E. Ethelbert Miller
The term “healthy masculinity” seems somewhat problematic to me. Is there a bar or level of measurement we should all attempt to reach? Should masculinity even be linked to topics or issues of health? Are we looking at our actions, thoughts or simple conditioning? Is this a term that’s now a part of our vocabulary because of how men wrestle with their identity and the handling of power in this society? Social change often demands a realignment of power relationships between groups. As women become more empowered does it threaten male privilege? Do men respond by showing “unhealthy” manners and behavior? Do they become violent towards women and other men? If we turn our attention to young males during a time of transformation in our society, how do we raise them to have a “new” idea of what masculinity might mean? Can a society have a healthy male without a healthy female? This is not a Zen koan but instead a serious way of “interpreting” healthy masculinity. Do we need an “other” to determine how we behave and think? The term is perhaps linked to what we want best for our society. It could be connected to the pursuit of the Common Good and citizenship with purpose; how we live and love will determine our health as well as our vision.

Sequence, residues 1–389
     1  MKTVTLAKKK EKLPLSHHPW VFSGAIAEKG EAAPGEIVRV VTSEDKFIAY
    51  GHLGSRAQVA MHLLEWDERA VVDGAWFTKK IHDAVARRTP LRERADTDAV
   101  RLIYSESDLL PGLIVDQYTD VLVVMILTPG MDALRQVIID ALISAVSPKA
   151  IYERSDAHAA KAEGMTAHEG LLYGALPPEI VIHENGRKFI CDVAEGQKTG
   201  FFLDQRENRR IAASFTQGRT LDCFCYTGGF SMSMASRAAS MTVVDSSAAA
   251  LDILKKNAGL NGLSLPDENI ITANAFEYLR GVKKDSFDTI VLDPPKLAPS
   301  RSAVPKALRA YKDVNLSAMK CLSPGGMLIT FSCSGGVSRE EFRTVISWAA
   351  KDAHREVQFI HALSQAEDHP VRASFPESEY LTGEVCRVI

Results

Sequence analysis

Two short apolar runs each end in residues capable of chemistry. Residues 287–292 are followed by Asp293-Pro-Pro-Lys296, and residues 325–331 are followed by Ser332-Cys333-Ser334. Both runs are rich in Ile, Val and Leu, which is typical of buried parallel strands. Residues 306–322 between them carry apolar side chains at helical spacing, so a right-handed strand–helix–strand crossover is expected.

Literary activist, author and poet E. Ethelbert Miller is the director of the African American Resource Center at Howard University, and chair of the board of the Institute for Policy Studies.